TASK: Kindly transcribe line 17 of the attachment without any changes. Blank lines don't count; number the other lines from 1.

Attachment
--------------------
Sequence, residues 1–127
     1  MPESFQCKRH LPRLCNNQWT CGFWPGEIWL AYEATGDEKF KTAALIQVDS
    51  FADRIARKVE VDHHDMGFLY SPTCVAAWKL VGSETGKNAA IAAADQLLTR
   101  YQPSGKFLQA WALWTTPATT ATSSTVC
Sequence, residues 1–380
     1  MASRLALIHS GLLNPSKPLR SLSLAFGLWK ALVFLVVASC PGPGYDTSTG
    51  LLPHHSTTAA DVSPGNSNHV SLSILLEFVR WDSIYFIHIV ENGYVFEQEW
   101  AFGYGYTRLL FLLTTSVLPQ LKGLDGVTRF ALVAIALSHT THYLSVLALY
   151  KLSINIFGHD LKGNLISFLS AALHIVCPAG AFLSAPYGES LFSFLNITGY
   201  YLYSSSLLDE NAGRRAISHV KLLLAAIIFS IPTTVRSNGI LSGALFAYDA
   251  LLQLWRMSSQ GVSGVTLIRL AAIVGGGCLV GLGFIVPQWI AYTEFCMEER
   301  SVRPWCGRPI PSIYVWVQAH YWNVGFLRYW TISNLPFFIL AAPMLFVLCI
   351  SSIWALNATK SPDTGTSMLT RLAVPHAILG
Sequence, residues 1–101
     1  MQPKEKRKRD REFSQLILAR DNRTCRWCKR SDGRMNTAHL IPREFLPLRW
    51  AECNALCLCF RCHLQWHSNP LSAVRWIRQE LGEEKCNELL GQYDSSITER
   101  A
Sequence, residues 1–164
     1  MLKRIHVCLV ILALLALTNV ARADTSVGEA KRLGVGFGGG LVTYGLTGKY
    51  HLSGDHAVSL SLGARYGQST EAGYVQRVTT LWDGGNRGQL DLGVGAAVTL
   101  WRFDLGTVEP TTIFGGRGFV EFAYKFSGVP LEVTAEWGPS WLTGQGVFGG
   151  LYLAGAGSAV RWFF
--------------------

   101  A